Schools take different approaches with 9/11
Middle school students who walk the halls of Pennsylvania schools were toddlers when terrorists attacked the United States on Sept. 11, 2001. Elementary students weren't yet born.
For the first group of students with little or no memory of the attacks, teachers are using documentaries, web casts, personal stories and lessons on broad themes to address the 10th anniversary of 9/11.
Dave Divelbliss, a social studies teacher at Bellmar Middle School, said some classrooms are participating in a live Discovery Channel webcast with a panel of 9/11 experts held at a school near ground zero in New York City.
"I think it's almost exciting to see the technology, but at the same time (my students) were too young to remember what happened. They're going to get a first-hand perspective of what happened," Divelbliss said. The webcast will discuss how life has changed in the past 10 years and how students can expect their lives to be different.
Divelbliss said most students know the basics of the historic events, particularly the United Flight 93 crash near Shanksville, Somerset County -- about 45 minutes from the Belle Vernon Area School District. With a working base knowledge, teachers can delve into broader themes such as patriotism and why terrorism ultimately fails.
"The 9/11 hijackers were not successful, because we're still standing as a country," Divelbliss said. "It is a day to remember as well, but I think, too, why focus as much on the negative• Focus on the positive -- on the things that have happened in the world since Sept. 11, 2001."
Juniors at Greensburg Salem High School will get to ask questions about 9/11 and the wars in Iraq and Afghanistan during sessions in their social studies classes on Monday, said Tammy Wolicki, director of curriculum, instruction and assessment for the school district.
The district has a terrorism unit in its international studies class that allows students to delve in detail into the attacks, Osama bin Laden and the Taliban.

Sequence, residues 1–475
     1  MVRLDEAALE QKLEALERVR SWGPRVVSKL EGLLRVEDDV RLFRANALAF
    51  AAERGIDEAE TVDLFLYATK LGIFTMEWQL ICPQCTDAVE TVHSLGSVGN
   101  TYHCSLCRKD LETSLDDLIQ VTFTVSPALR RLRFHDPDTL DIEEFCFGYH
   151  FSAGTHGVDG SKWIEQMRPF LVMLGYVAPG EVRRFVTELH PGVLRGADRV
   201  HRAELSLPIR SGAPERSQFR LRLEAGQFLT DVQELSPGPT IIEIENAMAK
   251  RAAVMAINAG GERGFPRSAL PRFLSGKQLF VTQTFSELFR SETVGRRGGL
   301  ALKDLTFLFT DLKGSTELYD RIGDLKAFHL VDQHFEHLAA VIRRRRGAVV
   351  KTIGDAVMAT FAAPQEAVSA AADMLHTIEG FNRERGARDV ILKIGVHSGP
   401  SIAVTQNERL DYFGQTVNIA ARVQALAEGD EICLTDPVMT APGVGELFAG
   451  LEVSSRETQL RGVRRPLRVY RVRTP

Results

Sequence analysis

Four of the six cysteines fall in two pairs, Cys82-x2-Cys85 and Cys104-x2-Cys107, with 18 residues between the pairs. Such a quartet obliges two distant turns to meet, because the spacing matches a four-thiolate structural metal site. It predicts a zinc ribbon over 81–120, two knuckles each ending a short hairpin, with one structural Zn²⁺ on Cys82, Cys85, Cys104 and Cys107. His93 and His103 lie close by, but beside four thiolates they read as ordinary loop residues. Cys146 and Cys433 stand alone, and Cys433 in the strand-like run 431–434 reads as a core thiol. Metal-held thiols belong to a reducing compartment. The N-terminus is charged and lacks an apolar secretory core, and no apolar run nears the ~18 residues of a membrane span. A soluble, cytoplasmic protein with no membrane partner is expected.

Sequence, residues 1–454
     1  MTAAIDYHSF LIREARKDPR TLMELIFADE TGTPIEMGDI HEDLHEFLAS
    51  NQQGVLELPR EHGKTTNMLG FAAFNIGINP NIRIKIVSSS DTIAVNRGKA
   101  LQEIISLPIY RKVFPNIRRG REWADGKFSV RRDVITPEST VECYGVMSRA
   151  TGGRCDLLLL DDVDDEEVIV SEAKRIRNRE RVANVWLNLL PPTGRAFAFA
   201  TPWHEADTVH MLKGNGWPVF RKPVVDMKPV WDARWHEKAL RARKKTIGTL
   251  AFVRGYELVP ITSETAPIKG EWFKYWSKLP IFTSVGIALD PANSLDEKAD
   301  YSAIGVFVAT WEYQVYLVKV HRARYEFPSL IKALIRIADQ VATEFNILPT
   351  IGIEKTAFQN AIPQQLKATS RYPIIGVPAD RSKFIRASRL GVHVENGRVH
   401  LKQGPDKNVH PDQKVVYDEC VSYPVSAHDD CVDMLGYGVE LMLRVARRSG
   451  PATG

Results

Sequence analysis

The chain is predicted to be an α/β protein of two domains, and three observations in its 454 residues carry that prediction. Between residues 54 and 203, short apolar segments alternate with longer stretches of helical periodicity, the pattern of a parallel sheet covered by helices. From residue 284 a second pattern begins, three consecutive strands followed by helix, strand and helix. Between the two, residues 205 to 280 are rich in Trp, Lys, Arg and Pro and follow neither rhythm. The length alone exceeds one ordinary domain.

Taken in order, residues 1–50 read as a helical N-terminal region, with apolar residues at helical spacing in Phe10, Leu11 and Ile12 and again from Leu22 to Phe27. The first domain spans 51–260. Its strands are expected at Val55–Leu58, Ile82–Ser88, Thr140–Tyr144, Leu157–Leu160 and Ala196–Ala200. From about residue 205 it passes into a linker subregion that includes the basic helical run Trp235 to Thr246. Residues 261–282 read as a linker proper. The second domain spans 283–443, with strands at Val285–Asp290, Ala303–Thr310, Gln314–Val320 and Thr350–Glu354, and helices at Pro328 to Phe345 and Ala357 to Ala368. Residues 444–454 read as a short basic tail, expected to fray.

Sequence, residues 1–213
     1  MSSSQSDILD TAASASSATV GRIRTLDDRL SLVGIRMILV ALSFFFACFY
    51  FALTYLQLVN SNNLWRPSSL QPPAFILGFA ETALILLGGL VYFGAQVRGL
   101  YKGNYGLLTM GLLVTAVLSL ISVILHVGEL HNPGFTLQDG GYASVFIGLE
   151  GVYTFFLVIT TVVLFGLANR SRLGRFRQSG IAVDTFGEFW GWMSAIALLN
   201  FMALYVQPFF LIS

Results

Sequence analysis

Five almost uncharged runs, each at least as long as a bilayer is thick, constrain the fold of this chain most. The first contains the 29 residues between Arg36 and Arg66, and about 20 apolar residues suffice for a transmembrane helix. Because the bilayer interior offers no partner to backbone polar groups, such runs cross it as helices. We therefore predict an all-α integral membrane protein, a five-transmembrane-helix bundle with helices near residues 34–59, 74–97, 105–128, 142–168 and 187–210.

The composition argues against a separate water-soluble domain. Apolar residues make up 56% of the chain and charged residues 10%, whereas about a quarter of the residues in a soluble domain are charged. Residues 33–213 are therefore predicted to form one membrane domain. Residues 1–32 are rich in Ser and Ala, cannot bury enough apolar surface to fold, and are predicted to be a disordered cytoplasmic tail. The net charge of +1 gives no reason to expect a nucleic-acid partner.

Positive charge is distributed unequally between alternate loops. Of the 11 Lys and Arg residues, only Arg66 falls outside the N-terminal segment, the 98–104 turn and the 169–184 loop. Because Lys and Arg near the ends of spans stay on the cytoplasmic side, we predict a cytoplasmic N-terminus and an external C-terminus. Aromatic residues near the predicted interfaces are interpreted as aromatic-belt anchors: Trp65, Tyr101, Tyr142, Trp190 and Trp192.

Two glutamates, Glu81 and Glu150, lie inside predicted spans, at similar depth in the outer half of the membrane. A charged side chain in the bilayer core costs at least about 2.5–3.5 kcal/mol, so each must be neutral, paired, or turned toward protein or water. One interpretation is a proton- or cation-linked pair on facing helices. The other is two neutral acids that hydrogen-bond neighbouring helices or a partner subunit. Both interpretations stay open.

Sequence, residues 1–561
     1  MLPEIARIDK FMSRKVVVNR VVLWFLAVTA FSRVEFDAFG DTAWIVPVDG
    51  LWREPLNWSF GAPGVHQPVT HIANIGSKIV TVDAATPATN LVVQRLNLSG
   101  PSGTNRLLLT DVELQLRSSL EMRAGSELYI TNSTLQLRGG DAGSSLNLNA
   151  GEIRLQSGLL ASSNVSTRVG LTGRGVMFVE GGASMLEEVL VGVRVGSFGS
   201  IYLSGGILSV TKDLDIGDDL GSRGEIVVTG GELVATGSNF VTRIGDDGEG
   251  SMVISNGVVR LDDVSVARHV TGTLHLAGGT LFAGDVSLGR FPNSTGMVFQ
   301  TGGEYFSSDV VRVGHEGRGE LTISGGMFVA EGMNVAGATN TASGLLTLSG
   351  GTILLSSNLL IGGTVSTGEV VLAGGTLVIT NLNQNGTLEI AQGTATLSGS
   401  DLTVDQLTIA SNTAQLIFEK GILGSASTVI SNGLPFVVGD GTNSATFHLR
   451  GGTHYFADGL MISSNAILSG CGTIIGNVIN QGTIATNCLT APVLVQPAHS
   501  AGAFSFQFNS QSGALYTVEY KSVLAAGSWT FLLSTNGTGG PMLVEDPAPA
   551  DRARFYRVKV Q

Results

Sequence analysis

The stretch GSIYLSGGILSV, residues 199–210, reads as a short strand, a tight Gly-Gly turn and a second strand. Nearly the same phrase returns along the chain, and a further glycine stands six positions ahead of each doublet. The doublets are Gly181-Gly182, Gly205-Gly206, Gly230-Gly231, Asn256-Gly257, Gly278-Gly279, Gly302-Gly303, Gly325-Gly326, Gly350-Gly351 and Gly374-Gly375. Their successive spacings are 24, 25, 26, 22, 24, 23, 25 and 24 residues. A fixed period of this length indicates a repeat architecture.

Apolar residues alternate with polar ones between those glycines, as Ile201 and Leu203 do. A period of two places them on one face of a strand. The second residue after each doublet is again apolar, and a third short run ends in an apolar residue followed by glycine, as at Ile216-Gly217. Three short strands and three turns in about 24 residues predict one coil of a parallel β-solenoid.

At Greater Latrobe Senior High School, students will participate in two days of remembrance with events and guest speakers, including Glenn Kashurba, a child and adolescent psychiatrist from Somerset County, and Oran Eberhart, a police office at ground zero on Sept. 11, 2001.
For younger students, though, the 9/11 attacks are pure history. More than 60 million children in America are 14 and younger, according to the U.S. Census Bureau. Teachers must grapple with explaining the significance of 9/11 to students who don't remember life before the attacks without getting too graphic or going too deeply into issues youngsters don't understand.
Patricia Ann Thomas, assistant to the superintendent for elementary education for Kiski Area School District, said one teacher plans to make a sports connection to help her fifth-graders understand the events of 9/11.
Teacher Rebekah Stankowski will show an ESPN video and look at the Sports Illustrated issue published just after the attacks, titled, "The Week That Sports Stood Still," which talks about the heroes aboard Flight 93.
"This speaks to the students who are very sports-oriented, and it kind of puts things in perspective," Thomas said. "(And) it's not real graphic, so it's appropriate for elementary students."
Some students will make flags depicting what it means to them to be an American; others will write letters to members of the armed forces, including the Navy unit of Zach Henley, a Kiski Area graduate, Thomas said.
At Fort Allen Elementary in the Hempfield Area school district, students will silently walk around the perimeter of the school gym for a "commemorative silent reflection," said Barbara Rebon, a fourth-grade teacher.
Just after the morning announcements on Friday, each homeroom will view a slide show of patriotic pictures with soft patriotic music playing. Adults positioned around the gym will hold signs in memory of the firefighters who died on 9/11, the children who lost a parent that day, and the doctors and nurses who helped the wounded, Rebon said. As students leave the gym, each will sign a large banner that will be hung in the school.
How to teach 9/11 is a community-centric decision, often left to individual schools and teachers across the country. Most states, including Pennsylvania, have not laid out a specific curriculum.
That means some students likely won't hear anything about 9/11 in their classrooms this week.
At Laurel Valley Elementary in the Ligonier Valley School District, teachers and officials will leave it up to parents to talk to their children about 9/11. No events or lessons are planned for the anniversary.
Wayne Waugh, Laurel Valley assistant principal, said teachers there address topics of heroism, respect and safety throughout the year rather than to commemorate the 9/11 attacks.
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